Global food production is expected to plummet between 20 and 40 percent in 2009, due to widespread drought and other stresses on agricultural production
Two-thirds of the world's food is produced in countries currently in the grip of droughts. The extent of this crisis can easily be seen by a chart on the Web site of the Center for Research on Globalization:
Much media attention has focused on a severe drought in Northern China, one of the wheat producing capitals of the world. There, the worst drought in 50 years has already resulted in damage to 161 million mu (26.5 million acres) of crops. In Australia, suffering its worst drought in 117 years, 41 percent of crops have been harmed, farmers have begun abandoning land, rivers have run dry and lakes have evaporated to such an extent that they have turned toxic.
In the United States, Texas and the Southeast remains in the throes of a severe drought. California's drought is the worst in recorded history, with thousands of acres already fallow and worse likely to come -- the Northern Sierra snowpack, which provides much of the state's water as it melts, only reached 49 percent of its average thickness this winter.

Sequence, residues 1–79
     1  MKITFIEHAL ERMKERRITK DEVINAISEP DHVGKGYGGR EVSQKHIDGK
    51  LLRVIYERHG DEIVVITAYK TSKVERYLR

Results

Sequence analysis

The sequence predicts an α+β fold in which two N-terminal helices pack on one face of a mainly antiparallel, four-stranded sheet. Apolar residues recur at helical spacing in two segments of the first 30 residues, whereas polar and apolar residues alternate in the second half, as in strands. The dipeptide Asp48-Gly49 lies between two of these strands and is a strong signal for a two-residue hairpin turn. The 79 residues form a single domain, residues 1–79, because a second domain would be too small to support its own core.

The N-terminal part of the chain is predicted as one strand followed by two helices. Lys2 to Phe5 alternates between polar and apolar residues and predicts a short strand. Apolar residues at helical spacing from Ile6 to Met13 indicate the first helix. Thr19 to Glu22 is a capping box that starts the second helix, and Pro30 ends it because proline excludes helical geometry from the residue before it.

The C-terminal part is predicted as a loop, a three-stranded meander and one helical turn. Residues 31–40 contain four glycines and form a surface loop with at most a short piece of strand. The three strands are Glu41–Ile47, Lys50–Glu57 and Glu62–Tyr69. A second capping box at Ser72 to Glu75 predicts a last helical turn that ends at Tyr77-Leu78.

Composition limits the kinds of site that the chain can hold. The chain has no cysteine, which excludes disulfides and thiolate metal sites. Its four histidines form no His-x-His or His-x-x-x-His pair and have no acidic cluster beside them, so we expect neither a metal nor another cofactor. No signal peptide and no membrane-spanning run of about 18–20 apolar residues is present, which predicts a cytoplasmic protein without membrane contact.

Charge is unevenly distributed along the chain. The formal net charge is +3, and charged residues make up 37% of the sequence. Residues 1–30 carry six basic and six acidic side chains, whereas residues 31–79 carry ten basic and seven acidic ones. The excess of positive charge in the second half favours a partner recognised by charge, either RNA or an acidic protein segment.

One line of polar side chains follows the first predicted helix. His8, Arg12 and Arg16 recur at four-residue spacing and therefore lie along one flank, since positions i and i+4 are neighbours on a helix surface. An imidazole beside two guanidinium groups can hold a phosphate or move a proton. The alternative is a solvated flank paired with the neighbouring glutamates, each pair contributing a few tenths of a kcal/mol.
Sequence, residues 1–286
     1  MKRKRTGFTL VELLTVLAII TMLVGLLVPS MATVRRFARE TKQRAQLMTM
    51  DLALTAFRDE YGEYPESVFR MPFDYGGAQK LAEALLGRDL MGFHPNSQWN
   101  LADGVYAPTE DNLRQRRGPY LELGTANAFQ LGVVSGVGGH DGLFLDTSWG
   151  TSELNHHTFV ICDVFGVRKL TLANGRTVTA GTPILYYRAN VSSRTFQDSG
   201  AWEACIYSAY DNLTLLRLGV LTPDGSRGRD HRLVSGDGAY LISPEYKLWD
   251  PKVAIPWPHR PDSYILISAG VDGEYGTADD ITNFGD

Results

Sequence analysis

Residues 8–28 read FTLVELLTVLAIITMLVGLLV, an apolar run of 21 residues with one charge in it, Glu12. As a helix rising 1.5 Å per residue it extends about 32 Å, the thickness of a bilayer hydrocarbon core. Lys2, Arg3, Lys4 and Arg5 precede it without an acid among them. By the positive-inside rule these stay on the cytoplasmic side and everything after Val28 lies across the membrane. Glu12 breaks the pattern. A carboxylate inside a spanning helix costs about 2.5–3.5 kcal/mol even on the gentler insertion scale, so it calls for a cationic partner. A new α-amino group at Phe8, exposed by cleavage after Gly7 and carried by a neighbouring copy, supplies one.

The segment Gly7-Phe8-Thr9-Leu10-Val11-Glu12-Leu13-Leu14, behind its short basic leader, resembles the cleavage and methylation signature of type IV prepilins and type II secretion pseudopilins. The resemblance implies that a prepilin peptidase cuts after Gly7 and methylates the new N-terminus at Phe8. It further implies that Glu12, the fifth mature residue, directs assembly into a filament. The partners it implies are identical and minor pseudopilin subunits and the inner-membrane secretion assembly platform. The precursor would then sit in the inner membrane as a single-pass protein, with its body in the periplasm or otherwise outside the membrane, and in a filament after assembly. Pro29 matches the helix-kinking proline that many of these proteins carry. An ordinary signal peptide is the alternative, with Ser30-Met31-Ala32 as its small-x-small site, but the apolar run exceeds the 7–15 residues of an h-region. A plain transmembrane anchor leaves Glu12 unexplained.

Less well-publicized but equally devastating droughts have also gripped other agricultural areas of the world. In Latin America, agricultural emergencies have been declared in six countries, including soy-, corn- and cattle-producing giants Argentina and Brazil. The La Nina weather pattern is expected to make the situation worse in both Pacific South America and the southern United States.
Eastern and southern Africa, and western and central Asia are also facing severe droughts. The wheat harvest in eastern South Africa is expected to be the lowest in 30 years. In Central Asia and the Middle East, wheat harvests have dropped an average of 22 percent, reaching as high as 98 percent in northern Iraq.
Farmers have also been hurt by a lack of credit due to the financial crisis, making it harder to buy fertilizer or seed. Even in Europe, which has been relatively untouched by drought, unusual climate conditions and degraded soil have led to a projected 10 to 15 percent drop in crop output.